Even when the administration attempts to be more specific, differentiating between “personality strikes” (on “named, high-value terrorists”) and “signature strikes” (on “training camps” and “suspicious compounds”), the effect is often to strike large crowds of people, giving the lie to the supposed precision of drone killings. These lax standards have become an unpleasant joke among state department officials. When the CIA “‘sees three guys doing jumping jacks’, the agency thinks it is a terrorist training camp”, one said. But sceptics argue: “Men loading a truck with fertiliser could be bomb makers – but they might also be farmers.”

Regardless of its critics, drone warfare is here to stay. It’s too easy, too cheap (in terms of American casualties) and too established in US security and political apparatuses to be discarded now. These books remind us that, contrary to some received wisdom, using drones is not necessarily a more ethical form of warfare. And, although they may fly overhead, they do not provide governments with what they always crave in war: the moral high ground.

David Patrikarakos is the author of “Nuclear Iran: the Birth of an Atomic State” (I B Tauris) and a Poynter fellow at Yale University

This article first appeared in the 19 June 2015 issue of the New Statesman, Mini Mao

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Rarely has it mattered so little if Manchester United won; rarely has it been so special they did

Team's Europa League victory offers chance for sorely needed celebration of a city's spirit.

Carlo Ancelotti, the Bayern Munich manager, memorably once said that football is “the most important of the least important things”, but he was only partly right. While it is absolutely the case that a bunch of people chasing around a field is insignificant, a bunch of people chasing around a field is not really what football is about.

At a football match can you set aside the strictures that govern real life and freely scream, shout and cuddle strangers. Football tracks life with such unfailing omnipresence, garnishing the mundane with regular doses of drama and suspense; football is amazing, and even when it isn’t there’s always the possibility that it’s about to be.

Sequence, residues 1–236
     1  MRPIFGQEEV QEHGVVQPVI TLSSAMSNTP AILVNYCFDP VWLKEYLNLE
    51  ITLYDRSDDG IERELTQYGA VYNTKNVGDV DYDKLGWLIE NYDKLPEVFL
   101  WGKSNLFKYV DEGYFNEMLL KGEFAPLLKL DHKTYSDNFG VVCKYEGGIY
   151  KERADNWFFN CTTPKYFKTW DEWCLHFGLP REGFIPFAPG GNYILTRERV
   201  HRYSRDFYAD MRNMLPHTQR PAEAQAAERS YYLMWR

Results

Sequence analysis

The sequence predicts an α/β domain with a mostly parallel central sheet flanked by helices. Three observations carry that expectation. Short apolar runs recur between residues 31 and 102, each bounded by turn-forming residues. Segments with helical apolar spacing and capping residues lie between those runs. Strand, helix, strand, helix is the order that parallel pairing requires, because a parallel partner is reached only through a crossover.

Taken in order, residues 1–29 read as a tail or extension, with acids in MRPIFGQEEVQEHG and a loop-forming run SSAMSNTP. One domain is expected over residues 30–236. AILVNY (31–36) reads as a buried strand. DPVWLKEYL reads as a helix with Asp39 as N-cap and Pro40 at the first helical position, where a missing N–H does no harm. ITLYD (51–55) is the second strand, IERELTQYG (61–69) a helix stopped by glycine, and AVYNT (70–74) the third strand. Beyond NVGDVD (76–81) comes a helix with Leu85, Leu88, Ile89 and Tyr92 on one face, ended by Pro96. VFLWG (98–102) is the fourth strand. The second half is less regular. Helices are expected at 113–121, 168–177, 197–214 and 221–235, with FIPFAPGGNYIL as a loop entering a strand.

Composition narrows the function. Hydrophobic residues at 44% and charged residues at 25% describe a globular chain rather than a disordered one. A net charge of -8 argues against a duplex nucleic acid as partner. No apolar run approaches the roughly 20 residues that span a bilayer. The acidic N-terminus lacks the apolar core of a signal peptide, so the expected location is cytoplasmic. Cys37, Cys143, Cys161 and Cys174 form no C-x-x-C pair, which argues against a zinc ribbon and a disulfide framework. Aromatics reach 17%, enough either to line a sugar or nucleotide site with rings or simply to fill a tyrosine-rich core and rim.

Football bestows primal paroxysms of intense, transcendent ecstasy, shared both with people who mean everything and people who mean nothing. Football carves out time for people it's important to see and delivers people it becomes important to see. Football is a structure with folklore, mythology, language and symbols; being part of football is being part of something big, special, and eternal. Football is the best thing in the world when things go well, and still the best thing in the world when they don’t. There is nothing remotely like it. Nothing.

Football is about community and identity, friends and family; football is about expression and abandon, laughter and song; football is about love and pride. Football is about all the beauty in the world.

And the world is a beautiful place, even though it doesn’t always seem that way – now especially. But in the horror of terror we’ve seen amazing kindness, uplifting unity and awesome dignity which is the absolute point of everything.

In Stockholm last night, 50,000 or so people gathered for a football match, trying to find a way of celebrating all of these things. Around town before the game the atmosphere was not as boisterous as usual, but in the ground the old conviction gradually returned. The PA played Bob Marley’s Three Little Birds, an Ajax staple with lyrics not entirely appropriate: there is plenty about which to worry, and for some every little thing is never going to be alright.

But somehow the sentiment felt right and the Mancunian contingent joined in with gusto, following it up with “We’ll never die,” – a song of defiance born from the ashes of the Munich air disaster and generally aired at the end of games, often when defeat is imminent. Last night it was needed from the outset, though this time its final line – “we’ll keep the red flag flying high, coz Man United will never die" – was not about a football team but a city, a spirit, and a way of life. 

Over the course of the night, every burst of song and even the minute's silence chorused with that theme: “Manchester, Manchester, Manchester”; “Manchester la la la”; “Oh Manchester is wonderful”. Sparse and simple words, layered and complex meanings.

The match itself was a curious affair. Rarely has it mattered so little whether or not United won; rarely has it been so special that they did. Manchester United do not represent or appeal to everyone in Manchester but they epitomise a similar brilliance to Manchester, brilliance which they take to the world. Brilliance like youthfulness, toughness, swagger and zest; brilliance which has been to the fore these last three days, despite it all.

Last night they drew upon their most prosaic aspects, outfighting and outrunning a willing but callow opponent to win the only trophy to have eluded them. They did not make things better, but they did bring happiness and positivity at a time when happiness and positivity needed to be brought; football is not “the most important of the least important things,” it is the least important of the most important things.